Results Heart rates at 30 min, 60 min, 2 h, and 3 h were lower in group DR compared with group CR, which was statistically significant (P=0.0001, 0.0001, 0.021, and 0.026, respectively). The onset of sensory and motor block, duration of sensory and motor block, and duration of analgesia were better in group DR compared with CR, which was statistically significant (P=0.00). The number of rescue analgesics required in group CR in both groups was comparable (P=0.057). Numeric rating scale scores at 12, 18, and 24 h were significantly better in group DR compared with group CR (P=0.0001, 0.039, and 0.036, respectively).
Conclusion When added as an adjuvant to 0.75% ropivacaine in the US-guided supraclavicular brachial plexus, dexmedetomidine block produced faster onset of sensory and motor blockade, prolonged the duration of sensory and motor blockade, and also prolonged the duration of analgesia, when compared with clonidine.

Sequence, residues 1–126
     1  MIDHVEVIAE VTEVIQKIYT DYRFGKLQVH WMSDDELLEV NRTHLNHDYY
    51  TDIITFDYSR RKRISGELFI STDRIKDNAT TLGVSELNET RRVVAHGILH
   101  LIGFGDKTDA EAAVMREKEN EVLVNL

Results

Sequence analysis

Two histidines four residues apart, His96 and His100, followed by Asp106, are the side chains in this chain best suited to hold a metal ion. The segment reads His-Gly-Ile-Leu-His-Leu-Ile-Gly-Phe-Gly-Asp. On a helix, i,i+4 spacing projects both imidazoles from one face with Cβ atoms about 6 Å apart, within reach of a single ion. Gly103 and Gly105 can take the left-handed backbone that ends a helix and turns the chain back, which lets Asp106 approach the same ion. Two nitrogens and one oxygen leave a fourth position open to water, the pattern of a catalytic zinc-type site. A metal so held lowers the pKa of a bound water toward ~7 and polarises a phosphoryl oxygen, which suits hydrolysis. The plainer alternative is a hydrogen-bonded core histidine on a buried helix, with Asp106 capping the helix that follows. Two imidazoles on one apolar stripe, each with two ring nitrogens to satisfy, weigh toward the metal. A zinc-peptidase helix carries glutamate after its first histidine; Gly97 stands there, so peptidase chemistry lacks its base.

Keywords: brachial plexus block, clonidine, dexmedetomidine, regional anesthesia, supraclavicular, ultrasound


How to cite this article:
Fultambkar G, Chavla P, Budi V, Gurram R, Kukreja V, Nair A. A prospective randomized comparative study of dexmedetomidine versus clonidine as an adjunct to 0.75% ropivacaine in ultrasound-guided supraclavicular brachial plexus block. Res Opin Anesth Intensive Care 2022;9:29-36

How to cite this URL:
Fultambkar G, Chavla P, Budi V, Gurram R, Kukreja V, Nair A. A prospective randomized comparative study of dexmedetomidine versus clonidine as an adjunct to 0.75% ropivacaine in ultrasound-guided supraclavicular brachial plexus block. Res Opin Anesth Intensive Care [serial online] 2022 [cited 2022 Oct 6];9:29-36. Available from: http://www.roaic.eg.net/text.asp?2022/9/1/29/345279




  Introduction Top


A properly planned and executed brachial plexus block provides adequate surgical anesthesia and postoperative analgesia for upper limb surgeries. An anesthesiologist needs to identify whether to perform an interscalene supraclavicular, infraclavicular, or axillary block depending on the type of surgery and use of tourniquet [1].